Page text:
In an effort to steer consumers in a more healthy direction, consumer group Corporate Accountability International is calling for hospitals to kick McDonald’s out of their facilities.
Claiming that having the fast-food giant on their premises sends mixed messages to patients, Corporate Accountability International (CAI) sent letters to 22 hospital administrators whose hospitals have contracts with McDonald’s, including the Cleveland Clinic and Children’s Memorial Hospital of Chicago.
“Kids are being treated for diet-related conditions like diabetes on one floor in the hospital and given the wrong message by being offered the world’s most recognized junk food brand on another floor in the hospital,” said Dr. Francine Kaufman, former president of the American Diabetes Association and professor emeritus of pediatrics and communications at Children’s Hospital Los Angeles, one of the hospitals with a McDonald’s, in a release. “The practice earns McDonald’s an undeserved association with healthfulness among parents and children alike…and it should be curtailed.”
In making the call to these hospitals to give McDonald’s the boot, CAI cited a 2006 study in Pediatrics, indicating that “allowing a McDonald’s store to operate inside a hospital affects hospital guests’ consumption on the day of their visit, and boosts the perception of the ‘healthfulness’ of McDonald’s food.” But, the consumer group adds, it is not shocking that the McDonald’s corporation would want to have stores inside hospitals.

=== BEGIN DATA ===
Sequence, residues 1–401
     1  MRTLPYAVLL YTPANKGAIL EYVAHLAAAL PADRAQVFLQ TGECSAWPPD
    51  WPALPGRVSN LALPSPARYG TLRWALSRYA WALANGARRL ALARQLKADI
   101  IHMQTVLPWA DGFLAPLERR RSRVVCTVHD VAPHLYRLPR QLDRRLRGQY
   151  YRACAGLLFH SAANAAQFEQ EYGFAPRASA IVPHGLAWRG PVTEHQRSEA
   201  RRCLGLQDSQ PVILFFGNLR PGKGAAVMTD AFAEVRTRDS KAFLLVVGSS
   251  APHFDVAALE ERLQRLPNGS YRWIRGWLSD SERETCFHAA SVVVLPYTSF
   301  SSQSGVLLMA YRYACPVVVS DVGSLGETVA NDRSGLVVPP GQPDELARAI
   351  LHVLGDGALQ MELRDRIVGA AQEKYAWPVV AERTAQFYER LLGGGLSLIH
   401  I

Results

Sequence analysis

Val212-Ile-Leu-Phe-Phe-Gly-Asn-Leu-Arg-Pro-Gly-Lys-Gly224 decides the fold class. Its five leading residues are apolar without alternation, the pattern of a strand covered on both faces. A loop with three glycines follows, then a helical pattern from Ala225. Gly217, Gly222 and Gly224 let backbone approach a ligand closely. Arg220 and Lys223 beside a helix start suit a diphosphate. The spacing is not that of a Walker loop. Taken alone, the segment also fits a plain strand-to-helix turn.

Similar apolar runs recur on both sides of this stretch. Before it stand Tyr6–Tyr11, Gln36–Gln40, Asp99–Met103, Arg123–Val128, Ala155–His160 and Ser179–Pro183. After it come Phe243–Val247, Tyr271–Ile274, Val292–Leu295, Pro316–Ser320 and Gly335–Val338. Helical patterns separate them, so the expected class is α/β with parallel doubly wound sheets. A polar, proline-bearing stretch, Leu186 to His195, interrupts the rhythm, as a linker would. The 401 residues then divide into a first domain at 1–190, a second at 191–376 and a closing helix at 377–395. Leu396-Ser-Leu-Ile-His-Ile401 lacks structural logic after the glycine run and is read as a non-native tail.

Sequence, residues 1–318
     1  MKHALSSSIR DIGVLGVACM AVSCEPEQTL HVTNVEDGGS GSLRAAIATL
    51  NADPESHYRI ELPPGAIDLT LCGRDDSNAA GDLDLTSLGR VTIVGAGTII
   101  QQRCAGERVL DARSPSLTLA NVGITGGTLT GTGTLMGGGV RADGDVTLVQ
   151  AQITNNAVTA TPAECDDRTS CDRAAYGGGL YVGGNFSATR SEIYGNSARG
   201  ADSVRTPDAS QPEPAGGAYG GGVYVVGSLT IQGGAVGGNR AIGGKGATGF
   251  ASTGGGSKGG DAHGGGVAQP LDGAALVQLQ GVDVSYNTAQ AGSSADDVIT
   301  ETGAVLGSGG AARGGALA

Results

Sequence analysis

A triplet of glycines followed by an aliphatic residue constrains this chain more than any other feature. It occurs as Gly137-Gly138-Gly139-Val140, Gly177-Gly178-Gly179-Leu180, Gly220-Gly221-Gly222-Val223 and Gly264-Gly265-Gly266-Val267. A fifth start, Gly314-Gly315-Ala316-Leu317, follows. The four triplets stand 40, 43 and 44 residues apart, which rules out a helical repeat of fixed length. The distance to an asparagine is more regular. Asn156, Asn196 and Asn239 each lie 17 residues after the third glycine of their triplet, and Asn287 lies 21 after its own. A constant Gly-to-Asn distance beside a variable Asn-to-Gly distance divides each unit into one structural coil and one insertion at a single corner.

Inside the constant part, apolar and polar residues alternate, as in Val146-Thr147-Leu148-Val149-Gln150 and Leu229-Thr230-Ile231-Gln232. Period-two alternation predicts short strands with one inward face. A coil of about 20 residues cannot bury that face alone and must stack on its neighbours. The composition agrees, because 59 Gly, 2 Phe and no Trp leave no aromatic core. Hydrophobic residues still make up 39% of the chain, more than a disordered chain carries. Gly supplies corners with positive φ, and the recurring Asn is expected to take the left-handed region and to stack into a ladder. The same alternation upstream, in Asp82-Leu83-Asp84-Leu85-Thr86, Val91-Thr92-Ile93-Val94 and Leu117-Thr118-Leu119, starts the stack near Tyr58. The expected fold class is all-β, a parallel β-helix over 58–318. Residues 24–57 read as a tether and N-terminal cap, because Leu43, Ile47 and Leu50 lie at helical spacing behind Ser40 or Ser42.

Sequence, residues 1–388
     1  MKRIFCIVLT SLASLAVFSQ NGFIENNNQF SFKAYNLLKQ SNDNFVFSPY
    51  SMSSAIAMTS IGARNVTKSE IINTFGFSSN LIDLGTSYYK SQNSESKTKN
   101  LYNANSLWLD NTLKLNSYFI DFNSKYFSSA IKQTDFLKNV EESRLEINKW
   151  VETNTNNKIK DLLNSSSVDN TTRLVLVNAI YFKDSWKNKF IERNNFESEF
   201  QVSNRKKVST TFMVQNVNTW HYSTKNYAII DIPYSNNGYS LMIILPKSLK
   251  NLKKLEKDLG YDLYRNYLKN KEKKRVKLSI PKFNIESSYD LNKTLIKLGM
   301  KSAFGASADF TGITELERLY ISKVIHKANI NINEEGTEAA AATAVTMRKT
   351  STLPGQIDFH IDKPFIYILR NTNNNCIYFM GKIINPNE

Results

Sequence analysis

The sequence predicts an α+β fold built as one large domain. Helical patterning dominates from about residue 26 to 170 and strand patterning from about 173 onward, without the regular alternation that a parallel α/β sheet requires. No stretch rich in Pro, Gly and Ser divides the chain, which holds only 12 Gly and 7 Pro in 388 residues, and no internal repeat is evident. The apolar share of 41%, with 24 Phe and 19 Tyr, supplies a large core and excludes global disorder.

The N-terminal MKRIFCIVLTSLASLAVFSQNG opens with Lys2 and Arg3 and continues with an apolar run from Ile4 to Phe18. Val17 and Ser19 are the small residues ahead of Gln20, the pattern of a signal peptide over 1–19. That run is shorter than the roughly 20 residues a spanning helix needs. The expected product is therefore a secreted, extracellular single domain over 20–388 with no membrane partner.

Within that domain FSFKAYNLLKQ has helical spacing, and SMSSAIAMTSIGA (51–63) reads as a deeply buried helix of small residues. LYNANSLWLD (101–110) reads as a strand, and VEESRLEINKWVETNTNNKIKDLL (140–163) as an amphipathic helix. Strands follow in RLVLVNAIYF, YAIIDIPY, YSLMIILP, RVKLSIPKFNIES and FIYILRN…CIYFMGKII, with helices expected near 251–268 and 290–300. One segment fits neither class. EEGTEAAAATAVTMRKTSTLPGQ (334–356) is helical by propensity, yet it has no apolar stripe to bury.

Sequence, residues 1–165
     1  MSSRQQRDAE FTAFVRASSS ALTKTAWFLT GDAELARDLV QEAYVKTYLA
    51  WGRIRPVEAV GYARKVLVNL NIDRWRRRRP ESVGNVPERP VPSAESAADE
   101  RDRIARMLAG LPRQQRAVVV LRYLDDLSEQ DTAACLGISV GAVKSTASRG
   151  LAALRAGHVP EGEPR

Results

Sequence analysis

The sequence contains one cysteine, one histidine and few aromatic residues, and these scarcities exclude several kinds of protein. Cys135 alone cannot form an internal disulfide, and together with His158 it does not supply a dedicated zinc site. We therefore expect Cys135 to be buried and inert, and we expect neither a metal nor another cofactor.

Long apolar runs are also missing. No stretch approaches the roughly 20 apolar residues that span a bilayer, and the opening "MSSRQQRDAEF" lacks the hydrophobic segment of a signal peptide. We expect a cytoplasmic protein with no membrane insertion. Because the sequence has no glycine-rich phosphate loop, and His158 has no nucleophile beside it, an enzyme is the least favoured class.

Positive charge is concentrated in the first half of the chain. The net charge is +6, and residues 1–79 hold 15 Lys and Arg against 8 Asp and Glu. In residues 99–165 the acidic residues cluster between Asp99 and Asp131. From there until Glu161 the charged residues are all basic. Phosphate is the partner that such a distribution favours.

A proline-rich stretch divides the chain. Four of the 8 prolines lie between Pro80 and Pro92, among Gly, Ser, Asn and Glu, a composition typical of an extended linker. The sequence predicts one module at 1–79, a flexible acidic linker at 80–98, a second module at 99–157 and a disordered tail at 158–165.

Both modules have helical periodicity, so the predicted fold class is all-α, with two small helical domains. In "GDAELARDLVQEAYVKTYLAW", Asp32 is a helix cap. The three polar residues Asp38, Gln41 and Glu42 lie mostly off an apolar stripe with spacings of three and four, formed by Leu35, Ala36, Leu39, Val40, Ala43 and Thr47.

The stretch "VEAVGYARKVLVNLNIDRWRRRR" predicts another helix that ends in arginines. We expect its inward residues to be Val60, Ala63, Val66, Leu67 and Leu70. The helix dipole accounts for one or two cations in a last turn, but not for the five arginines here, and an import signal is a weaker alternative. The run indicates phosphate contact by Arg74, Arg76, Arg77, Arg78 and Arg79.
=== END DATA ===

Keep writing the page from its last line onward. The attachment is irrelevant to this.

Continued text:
“It’s no surprise that McDonald’s sites stores in hospitals,” the letter relates to the hospital administrators. “After all, for decades, McDonald’s has attempted to co-opt the health community, to deflect blame for the epidemic of disease that it has helped drive, and to pose itself as part of the solution.”
Other hospitals have removed McDonald’s from their facilities in the past, CAI says, and replaced them with healthier options for patients and their families. Parkland Health & Hospital System in Dallas, TX, replaced the leading fast-food chain in 2009, CAI points out, after it had been the only chain restaurant at the hospital for 20 years. And, Children’s Hospital of Philadelphia and Vanderbilt Medical Center have also ended contracts with McDonald’s. Others, the consumer group urges, can—and should—do the same.
“Simply put, the less kids are exposed to fast food and its marketing, the less likely they are to suffer from diet-related conditions like type 2 diabetes,” said Sara Deon, Corporate Accountability International’s Value [the] Meal campaign director and the letter’s principle signatory. “McDonald’s has a long history of putting a healthy label on an inherently unhealthy brand. It has used healthcare providers and institutions to help promote this image for decades. Today, administrators have the opportunity to provide a healthier food environment for the children and families they care for.”
The letter CAI sent to the 22 hospitals is available to read on the consumer group’s website.
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